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- 65% of IT professionals said they believe the DevOps workflow saves them time during the development process. — GitLab, 2018
- 23% of IT professionals describe their development method as DevOps. — GitLab, 2018
While many developers and IT professionals recognize the potential value of implementing a DevOps workflow, adoption still lags, according to GitLab's 2018 Global Developer Report, released Wednesday.
Of the nearly 5,300 software developers, CTOs, and IT professionals surveyed globally, 65% said that they believe the DevOps workflow can save them time during the development process, and 29% said they plan to invest in DevOps in 2018.
However, the workflow remains in the early stages of adoption, the report found: 35% of respondents said they have a "somewhat established" DevOps culture, while just 23% go so far as to say that DevOps is their development method. More than half of developers (55%) said that they are still using at least five tools to complete the development process, the report found.
SEE: IT leader's guide to making DevOps work (Tech Pro Research)
A lack of consistency among developer, operations, security, and product teams also remains a barrier to DevOps adoption, the report found, as a quarter of developers indicate that they do not have visibility into what their colleagues on other teams are working on.
"This survey reveals software professionals finally see the need for DevOps in their workflow and are beginning to adapt their workstyle in order to make this a reality," Sid Sijbrandij, CEO and co-founder of GitLab, said in a press release. "Despite the progress in the shift in mindset, current DevOps practices are not cutting it."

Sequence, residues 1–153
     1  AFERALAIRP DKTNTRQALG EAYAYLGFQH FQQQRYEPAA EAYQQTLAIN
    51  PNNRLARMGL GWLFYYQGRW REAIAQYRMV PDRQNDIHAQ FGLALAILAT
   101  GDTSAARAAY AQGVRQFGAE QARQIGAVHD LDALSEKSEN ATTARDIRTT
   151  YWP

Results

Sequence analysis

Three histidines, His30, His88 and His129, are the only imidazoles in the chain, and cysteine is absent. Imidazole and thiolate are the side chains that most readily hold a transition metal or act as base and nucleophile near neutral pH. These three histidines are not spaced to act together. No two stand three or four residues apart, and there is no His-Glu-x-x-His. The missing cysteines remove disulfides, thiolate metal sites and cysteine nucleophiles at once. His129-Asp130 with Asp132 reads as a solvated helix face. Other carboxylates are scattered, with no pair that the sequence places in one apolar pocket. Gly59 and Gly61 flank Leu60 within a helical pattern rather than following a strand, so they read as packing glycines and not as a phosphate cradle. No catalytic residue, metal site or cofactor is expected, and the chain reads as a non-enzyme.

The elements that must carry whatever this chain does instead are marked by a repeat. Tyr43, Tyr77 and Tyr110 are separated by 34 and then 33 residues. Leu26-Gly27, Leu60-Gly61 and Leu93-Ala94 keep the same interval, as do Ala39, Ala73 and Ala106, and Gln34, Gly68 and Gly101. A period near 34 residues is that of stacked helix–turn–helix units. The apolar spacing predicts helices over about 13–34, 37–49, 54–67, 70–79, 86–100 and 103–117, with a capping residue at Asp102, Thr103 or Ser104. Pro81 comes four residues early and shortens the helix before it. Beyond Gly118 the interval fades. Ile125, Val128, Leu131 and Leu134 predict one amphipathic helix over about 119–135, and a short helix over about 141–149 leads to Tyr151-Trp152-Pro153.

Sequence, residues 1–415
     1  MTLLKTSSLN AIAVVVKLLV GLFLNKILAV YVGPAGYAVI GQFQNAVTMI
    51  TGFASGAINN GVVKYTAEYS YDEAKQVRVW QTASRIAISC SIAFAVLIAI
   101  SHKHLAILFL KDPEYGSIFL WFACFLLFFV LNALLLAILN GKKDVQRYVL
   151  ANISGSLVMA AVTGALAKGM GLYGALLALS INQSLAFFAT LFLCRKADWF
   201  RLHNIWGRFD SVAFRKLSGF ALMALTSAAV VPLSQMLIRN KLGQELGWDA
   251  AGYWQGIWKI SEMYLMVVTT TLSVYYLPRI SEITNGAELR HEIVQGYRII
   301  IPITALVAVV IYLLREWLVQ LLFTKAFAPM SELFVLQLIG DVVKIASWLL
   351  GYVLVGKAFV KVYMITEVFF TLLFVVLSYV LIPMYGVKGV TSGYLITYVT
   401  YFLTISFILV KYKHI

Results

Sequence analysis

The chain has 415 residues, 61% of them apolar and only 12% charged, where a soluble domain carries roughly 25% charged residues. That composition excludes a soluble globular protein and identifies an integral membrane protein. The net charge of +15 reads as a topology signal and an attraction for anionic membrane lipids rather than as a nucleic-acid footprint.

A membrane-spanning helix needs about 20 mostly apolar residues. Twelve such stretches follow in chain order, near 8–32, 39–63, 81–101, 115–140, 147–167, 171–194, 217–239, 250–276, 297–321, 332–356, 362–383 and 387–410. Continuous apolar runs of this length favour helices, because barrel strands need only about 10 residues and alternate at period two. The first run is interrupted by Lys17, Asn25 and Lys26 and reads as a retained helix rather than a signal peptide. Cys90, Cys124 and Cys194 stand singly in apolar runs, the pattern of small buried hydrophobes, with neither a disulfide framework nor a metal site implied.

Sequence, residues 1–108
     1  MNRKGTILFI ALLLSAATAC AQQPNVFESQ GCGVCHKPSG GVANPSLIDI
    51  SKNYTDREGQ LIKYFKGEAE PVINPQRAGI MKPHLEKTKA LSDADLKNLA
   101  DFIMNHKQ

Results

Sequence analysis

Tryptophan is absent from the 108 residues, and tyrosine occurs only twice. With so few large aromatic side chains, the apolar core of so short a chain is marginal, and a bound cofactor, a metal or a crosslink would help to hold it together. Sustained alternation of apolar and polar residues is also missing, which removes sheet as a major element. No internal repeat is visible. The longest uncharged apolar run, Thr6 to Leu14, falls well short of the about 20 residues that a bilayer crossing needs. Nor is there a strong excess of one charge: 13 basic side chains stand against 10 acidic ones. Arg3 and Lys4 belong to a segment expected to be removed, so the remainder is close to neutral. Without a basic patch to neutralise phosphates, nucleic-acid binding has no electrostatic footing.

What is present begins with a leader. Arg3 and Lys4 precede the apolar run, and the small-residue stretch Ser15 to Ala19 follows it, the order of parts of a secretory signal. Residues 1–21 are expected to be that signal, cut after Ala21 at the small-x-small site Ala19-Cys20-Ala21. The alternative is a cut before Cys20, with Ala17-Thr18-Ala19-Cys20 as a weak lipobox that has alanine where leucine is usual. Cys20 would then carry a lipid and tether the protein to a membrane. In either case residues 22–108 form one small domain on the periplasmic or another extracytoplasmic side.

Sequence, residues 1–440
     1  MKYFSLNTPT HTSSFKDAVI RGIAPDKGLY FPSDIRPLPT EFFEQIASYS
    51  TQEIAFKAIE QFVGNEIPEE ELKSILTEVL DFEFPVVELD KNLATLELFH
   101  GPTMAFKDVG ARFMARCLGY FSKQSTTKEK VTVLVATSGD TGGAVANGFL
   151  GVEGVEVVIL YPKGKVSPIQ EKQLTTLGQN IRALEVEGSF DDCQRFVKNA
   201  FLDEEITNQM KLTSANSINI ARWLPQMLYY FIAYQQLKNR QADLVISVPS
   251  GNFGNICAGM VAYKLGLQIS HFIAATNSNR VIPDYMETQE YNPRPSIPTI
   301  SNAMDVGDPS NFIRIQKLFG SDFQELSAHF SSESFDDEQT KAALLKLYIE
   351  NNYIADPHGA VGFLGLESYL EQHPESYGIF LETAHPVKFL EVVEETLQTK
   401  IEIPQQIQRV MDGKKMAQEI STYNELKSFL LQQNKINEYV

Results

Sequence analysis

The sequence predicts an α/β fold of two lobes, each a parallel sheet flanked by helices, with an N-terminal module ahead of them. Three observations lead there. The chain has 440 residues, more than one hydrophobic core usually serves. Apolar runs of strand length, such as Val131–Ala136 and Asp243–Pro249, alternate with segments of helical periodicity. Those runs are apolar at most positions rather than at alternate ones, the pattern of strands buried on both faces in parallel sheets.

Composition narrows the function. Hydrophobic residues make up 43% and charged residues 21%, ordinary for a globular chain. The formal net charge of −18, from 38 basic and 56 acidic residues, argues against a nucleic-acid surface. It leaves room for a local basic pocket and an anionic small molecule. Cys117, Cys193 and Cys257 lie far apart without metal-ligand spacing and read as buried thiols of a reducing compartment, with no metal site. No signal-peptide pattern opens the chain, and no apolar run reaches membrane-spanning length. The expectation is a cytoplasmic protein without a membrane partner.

High performers that have fully implemented DevOps report positive results: 45% of DevOps practitioners said they deploy on-demand, compared to 39% of Agile practitioners. And 71% of DevOps practitioners rate automating more of the software development lifecycle as a high priority, compared to 60% of Agile practitioners, the report found.
In terms of investments, managers said they plan to spend the most on continuous integration technology in 2018, with nearly half of all respondents strongly agreeing that practicing continuous integration alleviates blockers in the development process, the report found. Selecting the right technology for the job and integrating it with other tools in the tech stack were named as the biggest challenges.
- Special report: Riding the DevOps revolution (free PDF) (TechRepublic)
- Gap between DevOps-savvy and non-savvy companies is huge, survey finds (ZDNet)
- DevOps: The smart person's guide (TechRepublic)
- The road to digital bliss is paved with service thinking and DevOps (ZDNet)
- 10 steps to DevOps success in the enterprise (TechRepublic)
Alison DeNisco Rayome is a Staff Writer for TechRepublic. She covers CXO, cybersecurity, and the convergence of tech and the workplace.